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Department of Leisure and Recreation Management at AU has a flipped classroom in Okinawa, Japan.

Department of Leisure and Recreation Management at AU has a flipped classroom in Okinawa, Japan.---

As a different way from traditional teaching, Associate Professor Chao-Chien Chen lectured an interdisciplinary program of outdoor games and team motivation at a flipped classroom in Okinawa, Japan.

Okinawa Zanpamisaki Royal Hotel assigns a student (third on the left) from National Kaohsiung University of Hospitality and Tourism to introduce management methods of the hotel to AU students.

Okinawa Zanpamisaki Royal Hotel assigns a student (third on the left) from National Kaohsiung University of Hospitality and Tourism to introduce management methods of the hotel to AU students.

  As the traditional teaching could not satisfy students’ desire for knowledge learning anymore, Associate Professor Chao-Chien Chen of the Leisure and Recreation Management Department at AU decided to lecture an interdisciplinary program of outdoor games and team motivation at a flipped classroom in Okinawa, Japan. The students who took the course had to overcome the language barrier and bought round-trip tickets to fly to Okinawa on their own. While studying in Okinawa, they also needed to keep expense budgets strictly, which is one of the criteria for grades.

    The program of outdoor games and team motivation taught by Associate Professor Chao-Chien Chen was so popular that it was fully registered by students as soon as the course selection began. The school also invited a senior lecturer in the industry, Nian-Shi Wang, to assist the teaching. Totally, 23 of the 77 students who took the course chose to study in Okinawa. In the 6-day itinerary, the budget must be controlled under NTD 16,000, including the expenses for round-trip tickets, accommodations, rental cars, and meals. The students who had the best accommodations with the least expense would get higher grades for the final examination. According to a review after the trip, most students had their budgets controlled under NTD 16,000, while some of them were even under NTD 14,000.

  Associate Professor Chao-Chien Chen said that he gave only an instruction to the students that they must arrive at Onna-son in Okinawa at 16:00 on Nov. 26, 2014. The students had to book online round-trip flight tickets, accommodations, rental cars, as well as meals in advance, and apply for international driving licenses. They were separated into groups to work on the trip to Okinawa and deal with the language barrier. Starting from getting to know one another, the students needed to solve problems together and manage to attend the class in Okinawa.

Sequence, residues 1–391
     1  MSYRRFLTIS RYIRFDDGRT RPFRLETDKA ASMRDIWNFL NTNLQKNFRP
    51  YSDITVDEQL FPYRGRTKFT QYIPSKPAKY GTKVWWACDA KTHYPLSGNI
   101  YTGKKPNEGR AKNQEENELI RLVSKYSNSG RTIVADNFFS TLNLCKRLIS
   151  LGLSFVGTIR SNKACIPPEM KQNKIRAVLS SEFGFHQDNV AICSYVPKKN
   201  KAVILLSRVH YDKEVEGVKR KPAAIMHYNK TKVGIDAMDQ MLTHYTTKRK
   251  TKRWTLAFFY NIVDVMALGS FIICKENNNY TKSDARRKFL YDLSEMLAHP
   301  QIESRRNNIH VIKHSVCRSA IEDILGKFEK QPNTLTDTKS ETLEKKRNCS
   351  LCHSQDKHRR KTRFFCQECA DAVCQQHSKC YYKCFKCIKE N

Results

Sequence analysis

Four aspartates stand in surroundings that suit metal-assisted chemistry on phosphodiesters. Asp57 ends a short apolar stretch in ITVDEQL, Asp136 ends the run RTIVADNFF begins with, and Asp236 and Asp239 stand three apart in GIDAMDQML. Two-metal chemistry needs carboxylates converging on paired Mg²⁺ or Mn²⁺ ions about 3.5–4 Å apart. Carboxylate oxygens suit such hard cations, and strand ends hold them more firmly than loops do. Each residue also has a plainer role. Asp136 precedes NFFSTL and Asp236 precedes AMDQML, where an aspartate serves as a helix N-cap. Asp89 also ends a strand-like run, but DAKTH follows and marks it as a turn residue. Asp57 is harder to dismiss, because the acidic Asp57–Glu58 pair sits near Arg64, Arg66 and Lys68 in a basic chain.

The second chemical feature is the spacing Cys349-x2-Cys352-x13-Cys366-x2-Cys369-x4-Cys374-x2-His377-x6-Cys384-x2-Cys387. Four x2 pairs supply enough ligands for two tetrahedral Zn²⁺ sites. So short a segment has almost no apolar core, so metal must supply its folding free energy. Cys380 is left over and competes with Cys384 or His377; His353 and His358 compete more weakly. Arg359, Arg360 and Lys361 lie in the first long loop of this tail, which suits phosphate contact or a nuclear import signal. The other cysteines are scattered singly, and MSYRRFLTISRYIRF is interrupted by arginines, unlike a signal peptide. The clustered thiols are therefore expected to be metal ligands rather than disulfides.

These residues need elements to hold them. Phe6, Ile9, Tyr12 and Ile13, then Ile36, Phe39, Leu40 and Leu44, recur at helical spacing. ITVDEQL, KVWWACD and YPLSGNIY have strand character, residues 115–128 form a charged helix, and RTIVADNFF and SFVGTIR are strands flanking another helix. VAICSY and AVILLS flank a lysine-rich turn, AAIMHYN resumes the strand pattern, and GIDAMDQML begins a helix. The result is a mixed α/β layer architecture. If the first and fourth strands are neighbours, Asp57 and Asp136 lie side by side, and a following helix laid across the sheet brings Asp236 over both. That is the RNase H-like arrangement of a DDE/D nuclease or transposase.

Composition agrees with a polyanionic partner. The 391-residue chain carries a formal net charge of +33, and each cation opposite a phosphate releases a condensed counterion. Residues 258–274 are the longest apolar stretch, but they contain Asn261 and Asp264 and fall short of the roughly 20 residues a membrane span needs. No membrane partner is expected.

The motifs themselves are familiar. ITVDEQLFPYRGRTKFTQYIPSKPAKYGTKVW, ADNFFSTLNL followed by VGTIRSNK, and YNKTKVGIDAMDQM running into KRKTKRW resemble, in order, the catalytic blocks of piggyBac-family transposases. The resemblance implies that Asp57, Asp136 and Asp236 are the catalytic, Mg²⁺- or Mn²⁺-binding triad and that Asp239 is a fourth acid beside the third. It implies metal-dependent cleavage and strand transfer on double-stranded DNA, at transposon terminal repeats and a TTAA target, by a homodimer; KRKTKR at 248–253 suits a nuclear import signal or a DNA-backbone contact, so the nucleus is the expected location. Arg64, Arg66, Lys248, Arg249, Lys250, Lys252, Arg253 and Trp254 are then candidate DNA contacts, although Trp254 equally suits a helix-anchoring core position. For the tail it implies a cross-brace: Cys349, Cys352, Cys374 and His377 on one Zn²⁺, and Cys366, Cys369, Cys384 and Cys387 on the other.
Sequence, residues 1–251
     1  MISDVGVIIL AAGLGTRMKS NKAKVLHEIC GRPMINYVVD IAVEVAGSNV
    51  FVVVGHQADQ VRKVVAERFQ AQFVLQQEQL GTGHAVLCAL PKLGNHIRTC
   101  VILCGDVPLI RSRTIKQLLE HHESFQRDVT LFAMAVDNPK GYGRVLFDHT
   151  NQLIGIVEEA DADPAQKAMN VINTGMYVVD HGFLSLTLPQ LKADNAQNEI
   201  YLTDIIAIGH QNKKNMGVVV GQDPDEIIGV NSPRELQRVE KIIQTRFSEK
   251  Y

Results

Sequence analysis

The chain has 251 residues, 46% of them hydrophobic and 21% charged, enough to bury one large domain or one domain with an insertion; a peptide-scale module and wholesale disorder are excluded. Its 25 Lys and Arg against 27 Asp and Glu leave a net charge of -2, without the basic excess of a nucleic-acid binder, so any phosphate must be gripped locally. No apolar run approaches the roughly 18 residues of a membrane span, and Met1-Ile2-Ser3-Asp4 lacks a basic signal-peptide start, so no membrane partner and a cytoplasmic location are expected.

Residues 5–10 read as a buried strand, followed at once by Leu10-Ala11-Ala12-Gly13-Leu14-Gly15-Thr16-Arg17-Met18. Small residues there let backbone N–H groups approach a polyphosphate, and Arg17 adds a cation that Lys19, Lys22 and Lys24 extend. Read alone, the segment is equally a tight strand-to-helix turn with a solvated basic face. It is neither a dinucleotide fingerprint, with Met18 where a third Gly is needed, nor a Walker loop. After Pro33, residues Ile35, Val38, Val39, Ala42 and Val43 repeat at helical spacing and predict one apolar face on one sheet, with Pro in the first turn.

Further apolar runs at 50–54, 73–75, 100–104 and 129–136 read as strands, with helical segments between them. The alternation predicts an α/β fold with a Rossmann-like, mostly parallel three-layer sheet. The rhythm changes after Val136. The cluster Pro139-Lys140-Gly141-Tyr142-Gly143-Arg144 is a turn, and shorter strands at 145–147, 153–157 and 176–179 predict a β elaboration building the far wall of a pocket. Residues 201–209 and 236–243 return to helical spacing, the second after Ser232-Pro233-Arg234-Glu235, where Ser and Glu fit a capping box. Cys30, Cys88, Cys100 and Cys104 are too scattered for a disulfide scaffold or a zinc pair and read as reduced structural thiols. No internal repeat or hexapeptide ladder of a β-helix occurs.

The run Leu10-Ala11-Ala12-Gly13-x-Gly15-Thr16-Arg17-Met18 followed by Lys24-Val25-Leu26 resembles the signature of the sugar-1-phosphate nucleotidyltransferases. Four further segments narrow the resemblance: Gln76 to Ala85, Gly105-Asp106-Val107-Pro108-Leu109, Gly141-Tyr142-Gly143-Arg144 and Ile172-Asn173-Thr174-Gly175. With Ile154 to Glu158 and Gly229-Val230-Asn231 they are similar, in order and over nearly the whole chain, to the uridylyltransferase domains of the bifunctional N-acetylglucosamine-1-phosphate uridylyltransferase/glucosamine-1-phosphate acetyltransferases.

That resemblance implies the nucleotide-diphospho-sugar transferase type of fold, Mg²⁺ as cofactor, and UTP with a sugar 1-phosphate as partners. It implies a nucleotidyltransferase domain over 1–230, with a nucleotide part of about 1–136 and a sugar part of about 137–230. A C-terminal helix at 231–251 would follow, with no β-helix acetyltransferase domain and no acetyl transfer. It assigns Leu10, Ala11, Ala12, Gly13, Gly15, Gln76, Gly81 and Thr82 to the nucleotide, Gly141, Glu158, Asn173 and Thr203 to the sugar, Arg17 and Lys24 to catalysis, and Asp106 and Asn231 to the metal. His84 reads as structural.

During the 6-day class in Okinawa, Japan, the students visited the protection area for whale sharks, understanding that the Okinawa government regarded the ecological protection as a valuable tourism asset. The general manager of the Okinawa Zanpamisaki Royal Hotel also arranged a tour for the students and introduced the facilities as well as the famous wedding church in the hotel. The general manager also said that the hotel would be pleased to have industry-academia collaboration with Asia University.

Through the outdoor waters of ecological recreation resource, General Manager Wei-Gu Wang (in the middle) introduces the concept of ecological protection in Onna-son, Okinawa.

Through the outdoor waters of ecological recreation resource, General Manager Wei-Gu Wang (in the middle) introduces the concept of ecological protection in Onna-son, Okinawa.

  “In the process of trying and finding solutions, students often asks what to do if they don’t understand Japanese,” said Lecturer Nian-Shi Wang. He explained that the meaning and value of the flipped classroom was to develop students’ ability of handling frustration and communicating with the language barrier. Students must step out of the comfort zone to take challenges outside of the classroom. By cooperating with one another to complete missions, they were trained to equip with abilities, including communication, problem solving, information collection, and languages, that could not be acquired in regular classrooms.

  Xiao-Yi Zhu, an overseas Chinese student from Hong Kong, said that the flipped classroom was more exciting than what she expected. She thanked the teachers for being bold enough to let the students step out of the comfort zone and explore the world on their own. During the six days in Okinawa, she found that problems in reality were much more than she could imagine and that she usually did not know how to deal with them. Situations would get even worse if she were in a foreign country without the capability of speaking local languages. Therefore, she realized the importance of languages through the class.

  Yun-Peng Chen, a student of the Psychology Department, said that the 6-day trip in Okinawa proved that experience is the best teacher. Plans were always accompanied with unexpected changes, which made communication a crucial ability for the students to share joys and sorrows, and grow together. “None of these can be learned in the classroom,” said he.

 

Nian-Shi Wang (second on the right), a senior lecturer in the industry, assists to plan the courses of the flipped classroom.

Nian-Shi Wang (second on the right), a senior lecturer in the industry, assists to plan the courses of the flipped classroom.

 

 

General Manager of Okinawa Zanpamisaki Royal Hotel (in the middle) is pleased to have collaboration with Asia University.

General Manager of Okinawa Zanpamisaki Royal Hotel (in the middle) is pleased to have collaboration with Asia University.

 

 

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